A startup non-profit car-hailing company called RideAustin sees and creates an opportunity where big names saw only bureaucracy and obstacles. RideAustin is one of the services that will replace Uber and Lyft, which ceased their activity in Austin, Texas since May 9.
Is the gig economy good for entrepreneurship? Competing theories were the starting point for a trio of business and management school professors. Gordon Burch of the University of Minnesota, Seth Carnahan at Michigan, and Temple’s Brad Greenwood decided to test the question, using as markers the über-platform of the gig economy, Uber, the on-demand delivery service Postmates, and the boot-strapping behemoth Kickstarter. They analyzed how the arrival of Uber and Postmates in a new city affects the local proclivity to launch crowdfunded projects on Kickstarter.
Sharing economy revenues are set to explode over the next few years, tripling to US$20 billion by 2020 from just US$6.4 billion in 2015, according to Juniper Research analysts.
You can now catch a BlueIndy car at the airport. The electric car sharing service has expanded its service to Indianapolis International Airport, with 20 parking spaces available at any time of day. The station “will provide a convenient transportation option throughout a person’s stay and an affordable choice to travel around Indianapolis,” said Mayor Joe Hogsett.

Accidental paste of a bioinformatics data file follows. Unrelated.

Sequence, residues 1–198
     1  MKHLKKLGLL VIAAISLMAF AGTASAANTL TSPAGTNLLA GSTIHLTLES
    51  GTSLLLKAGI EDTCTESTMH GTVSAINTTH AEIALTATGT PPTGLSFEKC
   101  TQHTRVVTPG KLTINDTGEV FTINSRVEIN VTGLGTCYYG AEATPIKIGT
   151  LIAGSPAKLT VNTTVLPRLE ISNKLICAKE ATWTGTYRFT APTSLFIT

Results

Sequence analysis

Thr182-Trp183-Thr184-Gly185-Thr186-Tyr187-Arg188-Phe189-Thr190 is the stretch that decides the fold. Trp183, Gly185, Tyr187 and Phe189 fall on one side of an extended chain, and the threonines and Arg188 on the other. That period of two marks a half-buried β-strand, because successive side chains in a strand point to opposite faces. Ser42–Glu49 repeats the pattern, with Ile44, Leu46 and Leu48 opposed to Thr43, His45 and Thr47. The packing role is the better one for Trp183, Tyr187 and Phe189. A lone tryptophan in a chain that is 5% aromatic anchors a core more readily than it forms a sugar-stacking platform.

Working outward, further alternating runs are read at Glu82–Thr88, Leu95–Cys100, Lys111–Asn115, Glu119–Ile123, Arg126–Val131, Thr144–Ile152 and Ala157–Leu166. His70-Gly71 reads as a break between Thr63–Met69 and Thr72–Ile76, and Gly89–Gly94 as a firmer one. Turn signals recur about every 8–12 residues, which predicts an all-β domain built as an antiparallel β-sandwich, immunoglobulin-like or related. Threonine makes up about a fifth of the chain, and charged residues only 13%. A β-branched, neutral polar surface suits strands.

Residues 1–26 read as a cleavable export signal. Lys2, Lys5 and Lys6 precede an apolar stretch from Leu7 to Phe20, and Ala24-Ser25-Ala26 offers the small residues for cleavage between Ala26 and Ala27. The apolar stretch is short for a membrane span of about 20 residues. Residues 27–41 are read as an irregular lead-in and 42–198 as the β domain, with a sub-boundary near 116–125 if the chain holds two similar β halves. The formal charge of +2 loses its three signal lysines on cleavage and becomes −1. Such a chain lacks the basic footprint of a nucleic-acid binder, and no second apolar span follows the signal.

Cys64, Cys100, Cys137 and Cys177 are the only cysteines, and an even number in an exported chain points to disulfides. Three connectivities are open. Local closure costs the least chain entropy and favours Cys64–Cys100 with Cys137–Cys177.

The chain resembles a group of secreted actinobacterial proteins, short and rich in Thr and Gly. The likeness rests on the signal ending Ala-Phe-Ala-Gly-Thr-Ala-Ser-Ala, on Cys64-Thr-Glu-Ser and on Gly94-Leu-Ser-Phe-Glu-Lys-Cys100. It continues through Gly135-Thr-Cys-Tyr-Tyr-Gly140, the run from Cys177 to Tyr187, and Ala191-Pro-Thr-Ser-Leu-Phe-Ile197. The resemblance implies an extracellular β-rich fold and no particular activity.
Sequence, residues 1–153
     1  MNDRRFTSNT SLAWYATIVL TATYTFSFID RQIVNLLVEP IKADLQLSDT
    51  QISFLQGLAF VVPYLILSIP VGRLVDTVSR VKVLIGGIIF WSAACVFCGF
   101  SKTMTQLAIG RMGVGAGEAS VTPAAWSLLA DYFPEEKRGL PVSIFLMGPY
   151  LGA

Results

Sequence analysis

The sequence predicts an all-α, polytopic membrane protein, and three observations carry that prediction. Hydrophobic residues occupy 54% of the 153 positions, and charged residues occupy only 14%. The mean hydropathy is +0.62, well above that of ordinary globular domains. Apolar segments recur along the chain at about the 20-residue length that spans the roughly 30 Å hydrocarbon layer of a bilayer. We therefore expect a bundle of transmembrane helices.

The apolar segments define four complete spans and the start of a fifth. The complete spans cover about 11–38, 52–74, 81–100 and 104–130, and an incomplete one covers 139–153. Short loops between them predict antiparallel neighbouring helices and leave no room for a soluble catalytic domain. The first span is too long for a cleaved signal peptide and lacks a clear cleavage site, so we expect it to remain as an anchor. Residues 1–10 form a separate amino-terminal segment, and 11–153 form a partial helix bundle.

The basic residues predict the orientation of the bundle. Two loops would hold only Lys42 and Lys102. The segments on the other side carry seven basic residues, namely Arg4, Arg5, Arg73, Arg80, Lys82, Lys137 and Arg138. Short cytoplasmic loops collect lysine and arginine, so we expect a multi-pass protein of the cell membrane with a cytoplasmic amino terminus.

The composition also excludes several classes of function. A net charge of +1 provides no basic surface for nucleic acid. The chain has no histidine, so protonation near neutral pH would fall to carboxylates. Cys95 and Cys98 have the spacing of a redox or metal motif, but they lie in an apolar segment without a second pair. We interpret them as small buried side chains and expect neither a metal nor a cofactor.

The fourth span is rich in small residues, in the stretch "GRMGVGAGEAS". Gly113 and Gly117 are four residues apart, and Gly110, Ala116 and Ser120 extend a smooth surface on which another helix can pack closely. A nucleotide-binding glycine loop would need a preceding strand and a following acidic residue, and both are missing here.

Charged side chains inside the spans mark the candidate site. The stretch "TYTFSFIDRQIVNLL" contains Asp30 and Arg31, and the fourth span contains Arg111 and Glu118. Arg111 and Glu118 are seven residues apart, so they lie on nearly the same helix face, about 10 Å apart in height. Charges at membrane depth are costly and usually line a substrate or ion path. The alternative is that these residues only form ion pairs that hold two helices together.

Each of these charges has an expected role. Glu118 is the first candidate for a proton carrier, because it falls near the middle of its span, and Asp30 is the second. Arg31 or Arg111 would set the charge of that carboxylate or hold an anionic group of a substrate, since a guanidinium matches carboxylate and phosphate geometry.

European travel startup NightSwapping is aiming to transform the current state of the sharing economy. The company’s radical new concept is really pretty simple. Members can host travelers in their guestroom or home and earn credits that they can then use to stay at another member’s place for free in the future.
The Pew Research Center sought to pin down how Americans use and feel about the rising tide of sharing economy companies in a new survey released today .
Ride-sharing app Uber is partnering with the owners of a San Francisco real estate development to give residents a $100 monthly stipend to give up their cars.
General Motors Co.’s new car-sharing service Maven is expanding, adding vehicles and users in Ann Arbor and Chicago, as the Detroit automaker continues to develop a business catered to people who may not own a car.
One of the particularly divisive issues that come up is the legal status of workers in these industries and the way they should be classified: are they employees or independent contractors?
When the BlueIndy electric-car-sharing service launched in Indianapolis last year, a firestorm of controversy quickly ensued. Some businesses and residents vehemently objected to what they perceived as a lack of transparency by the city in appropriating prime parking places for the battery-powered cars. Eight months later, those passions have cooled. Some formerly vocal opponents of BlueIndy seem to be changing their opinions, according to an Indianapolis Star story this month.